Whether or not next week's online examination faces similar technical issues, it seems certain that conversations about alternative paths to law practice will continue for the duration of the pandemic. Last week, the District of Columbia became the fifth jurisdiction to provide for emergency licensure of recent law graduates during the pandemic. Oregon, Washington, Utah, and Louisiana have also provided that recent law school graduates may bypass a bar examination and begin supervised law practice under certain conditions. Some readers might be surprised by the idea of a lawyer skipping the bar exam, but "diploma privilege" is hardly a new concept. (Ask law students in Wisconsin, the only state that still regularly permits graduates of its two ABA-accredited law schools to practice law in the state without taking a bar exam, if they meet certain requirements.) As a bit of library research shows, emergency bar exam waivers have revived a practice that was once incredibly common in American law practice.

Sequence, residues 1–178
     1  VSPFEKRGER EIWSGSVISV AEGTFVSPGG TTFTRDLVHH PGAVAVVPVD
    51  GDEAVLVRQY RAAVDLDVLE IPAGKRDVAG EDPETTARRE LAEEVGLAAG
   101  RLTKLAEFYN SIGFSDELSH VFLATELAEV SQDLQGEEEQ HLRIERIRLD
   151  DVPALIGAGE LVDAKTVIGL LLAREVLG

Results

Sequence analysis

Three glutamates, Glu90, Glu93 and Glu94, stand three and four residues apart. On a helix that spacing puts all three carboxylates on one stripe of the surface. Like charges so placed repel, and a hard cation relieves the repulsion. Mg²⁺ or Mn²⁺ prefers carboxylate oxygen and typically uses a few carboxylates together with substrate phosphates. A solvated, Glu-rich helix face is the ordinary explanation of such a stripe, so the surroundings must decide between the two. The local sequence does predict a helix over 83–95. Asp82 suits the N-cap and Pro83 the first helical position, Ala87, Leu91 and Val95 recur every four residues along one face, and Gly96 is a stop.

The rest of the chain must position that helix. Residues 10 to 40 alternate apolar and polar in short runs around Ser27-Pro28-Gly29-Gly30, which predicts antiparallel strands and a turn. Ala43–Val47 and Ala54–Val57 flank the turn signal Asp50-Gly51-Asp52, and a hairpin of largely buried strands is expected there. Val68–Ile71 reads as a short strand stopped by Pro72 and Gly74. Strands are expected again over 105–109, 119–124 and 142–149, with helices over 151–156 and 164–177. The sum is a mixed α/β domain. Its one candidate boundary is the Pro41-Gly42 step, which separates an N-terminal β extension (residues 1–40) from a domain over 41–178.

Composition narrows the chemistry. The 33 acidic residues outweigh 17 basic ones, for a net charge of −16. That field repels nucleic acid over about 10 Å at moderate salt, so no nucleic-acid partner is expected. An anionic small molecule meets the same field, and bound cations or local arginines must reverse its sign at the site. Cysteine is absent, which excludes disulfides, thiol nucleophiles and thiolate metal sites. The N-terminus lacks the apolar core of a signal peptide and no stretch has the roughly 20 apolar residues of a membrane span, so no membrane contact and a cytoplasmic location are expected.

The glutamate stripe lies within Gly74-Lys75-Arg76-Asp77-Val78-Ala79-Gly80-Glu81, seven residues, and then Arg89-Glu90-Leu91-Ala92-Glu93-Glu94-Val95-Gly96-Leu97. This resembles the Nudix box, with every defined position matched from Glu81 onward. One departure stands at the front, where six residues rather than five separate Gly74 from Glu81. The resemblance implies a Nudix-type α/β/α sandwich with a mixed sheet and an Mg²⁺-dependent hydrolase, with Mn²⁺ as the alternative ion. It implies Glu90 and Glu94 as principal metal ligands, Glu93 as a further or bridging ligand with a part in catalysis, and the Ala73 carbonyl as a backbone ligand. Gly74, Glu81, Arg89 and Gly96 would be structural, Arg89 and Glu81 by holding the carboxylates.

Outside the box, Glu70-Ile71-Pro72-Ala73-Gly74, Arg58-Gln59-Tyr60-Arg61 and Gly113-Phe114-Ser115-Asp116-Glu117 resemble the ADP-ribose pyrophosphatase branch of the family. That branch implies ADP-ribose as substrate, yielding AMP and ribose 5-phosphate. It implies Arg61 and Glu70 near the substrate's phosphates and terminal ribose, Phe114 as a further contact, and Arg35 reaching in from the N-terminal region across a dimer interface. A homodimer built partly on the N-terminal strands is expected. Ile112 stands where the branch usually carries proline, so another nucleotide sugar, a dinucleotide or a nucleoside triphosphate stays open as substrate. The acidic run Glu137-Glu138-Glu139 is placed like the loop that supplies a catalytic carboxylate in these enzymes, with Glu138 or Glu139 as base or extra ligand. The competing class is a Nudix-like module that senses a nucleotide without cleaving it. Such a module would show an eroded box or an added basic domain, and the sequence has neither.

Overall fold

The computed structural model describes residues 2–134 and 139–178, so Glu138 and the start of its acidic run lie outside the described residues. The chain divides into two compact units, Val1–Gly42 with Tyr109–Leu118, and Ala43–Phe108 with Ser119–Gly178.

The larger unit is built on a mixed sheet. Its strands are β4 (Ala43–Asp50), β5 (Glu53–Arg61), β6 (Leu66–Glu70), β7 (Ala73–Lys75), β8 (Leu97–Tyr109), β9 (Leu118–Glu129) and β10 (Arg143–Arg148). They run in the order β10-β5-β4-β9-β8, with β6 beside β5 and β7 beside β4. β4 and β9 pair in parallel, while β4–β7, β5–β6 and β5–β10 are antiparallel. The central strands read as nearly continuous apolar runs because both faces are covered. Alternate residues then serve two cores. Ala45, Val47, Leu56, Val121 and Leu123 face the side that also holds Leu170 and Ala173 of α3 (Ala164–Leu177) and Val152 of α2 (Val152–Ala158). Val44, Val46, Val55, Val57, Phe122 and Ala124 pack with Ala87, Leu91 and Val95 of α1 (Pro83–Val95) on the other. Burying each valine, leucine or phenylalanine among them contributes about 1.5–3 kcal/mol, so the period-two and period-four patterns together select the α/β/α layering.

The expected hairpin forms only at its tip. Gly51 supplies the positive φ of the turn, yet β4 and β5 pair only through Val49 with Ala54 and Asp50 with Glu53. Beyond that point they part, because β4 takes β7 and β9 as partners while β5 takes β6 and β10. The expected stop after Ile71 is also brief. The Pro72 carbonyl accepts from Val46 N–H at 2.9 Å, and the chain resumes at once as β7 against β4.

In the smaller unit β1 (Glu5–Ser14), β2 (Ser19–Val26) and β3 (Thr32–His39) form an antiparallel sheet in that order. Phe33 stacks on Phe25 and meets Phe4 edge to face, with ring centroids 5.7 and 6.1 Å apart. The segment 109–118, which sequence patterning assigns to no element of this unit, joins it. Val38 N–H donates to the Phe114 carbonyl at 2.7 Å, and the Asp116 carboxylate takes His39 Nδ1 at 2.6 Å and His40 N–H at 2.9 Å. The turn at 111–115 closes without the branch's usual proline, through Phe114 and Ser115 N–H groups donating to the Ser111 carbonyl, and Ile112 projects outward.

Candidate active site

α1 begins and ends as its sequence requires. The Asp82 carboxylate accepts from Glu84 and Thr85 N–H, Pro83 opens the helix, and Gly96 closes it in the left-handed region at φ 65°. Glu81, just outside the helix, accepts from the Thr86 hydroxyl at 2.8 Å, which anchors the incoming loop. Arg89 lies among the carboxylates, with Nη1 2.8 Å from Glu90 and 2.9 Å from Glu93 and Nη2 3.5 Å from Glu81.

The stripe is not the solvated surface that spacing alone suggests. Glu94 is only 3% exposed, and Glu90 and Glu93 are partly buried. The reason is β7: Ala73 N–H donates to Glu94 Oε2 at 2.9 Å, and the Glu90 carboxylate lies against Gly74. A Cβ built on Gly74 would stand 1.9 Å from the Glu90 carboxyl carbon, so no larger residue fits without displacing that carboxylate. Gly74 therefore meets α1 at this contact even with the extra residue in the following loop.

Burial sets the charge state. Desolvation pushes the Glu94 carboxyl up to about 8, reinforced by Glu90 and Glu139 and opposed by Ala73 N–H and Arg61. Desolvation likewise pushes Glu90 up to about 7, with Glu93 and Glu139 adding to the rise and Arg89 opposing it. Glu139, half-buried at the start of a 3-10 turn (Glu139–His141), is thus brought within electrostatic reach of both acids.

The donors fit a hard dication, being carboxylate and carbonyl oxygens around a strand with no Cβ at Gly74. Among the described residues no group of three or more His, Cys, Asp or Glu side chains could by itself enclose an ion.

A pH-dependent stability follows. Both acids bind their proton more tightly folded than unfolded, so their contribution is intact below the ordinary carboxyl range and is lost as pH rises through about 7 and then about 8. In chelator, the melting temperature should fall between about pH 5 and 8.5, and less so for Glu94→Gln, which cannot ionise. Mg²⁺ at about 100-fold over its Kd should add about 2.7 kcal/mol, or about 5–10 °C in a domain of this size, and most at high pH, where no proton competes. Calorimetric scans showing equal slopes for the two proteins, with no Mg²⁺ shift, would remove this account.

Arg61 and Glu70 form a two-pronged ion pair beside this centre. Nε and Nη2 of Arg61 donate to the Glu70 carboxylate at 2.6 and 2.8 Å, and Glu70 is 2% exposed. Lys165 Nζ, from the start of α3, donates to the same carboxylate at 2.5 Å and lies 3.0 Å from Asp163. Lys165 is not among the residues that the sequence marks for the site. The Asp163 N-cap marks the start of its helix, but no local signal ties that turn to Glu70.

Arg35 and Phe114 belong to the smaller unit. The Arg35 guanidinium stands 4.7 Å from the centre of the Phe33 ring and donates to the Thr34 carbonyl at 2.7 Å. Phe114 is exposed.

The "Bar Examinations" section of Kermit Hall's Oxford Companion to American Law (available online to the Duke community) outlines the history and development of the bar examination in the United States. Up until the 1870s, a bar examinee would be questioned orally by a judge or lawyer, following the end of an apprenticeship period. In the 1870s, a movement grew to develop more consistent standards for examinations; around the same time, "diploma privilege" became more commonplace, as states and law schools sought to entice would-be lawyers to attend their programs. Lawrence Friedman's A History of American Law (4th ed. 2019 available online) notes the growth in diploma privilege practices: "Between 1855 and 1870, Louisiana, Mississippi, Georgia, New York, Tennessee, Michigan, and Wisconsin gave the privilege to graduates of home-state law schools. In 1870, Oregon, which had no law school of its own, went so far as to give the privilege to graduates of any school that had the diploma privilege in its home state" (p. 604). By 1890, as the Oxford Companion noted, 16 states provided diploma privilege for graduates from 26 law schools. The decline of the diploma privilege coincided with the establishment of the National Conference of Bar Examiners in 1931 - by the end of the decade, standardized written bar examinations had overtaken the diploma privilege. By 1974, when a history of diploma privilege was published in the Tulsa Law Journal, only four states still honored the privilege; once West Virginia abolished the option in 1988, Wisconsin stood alone in regularly offering its state's graduates diploma privilege.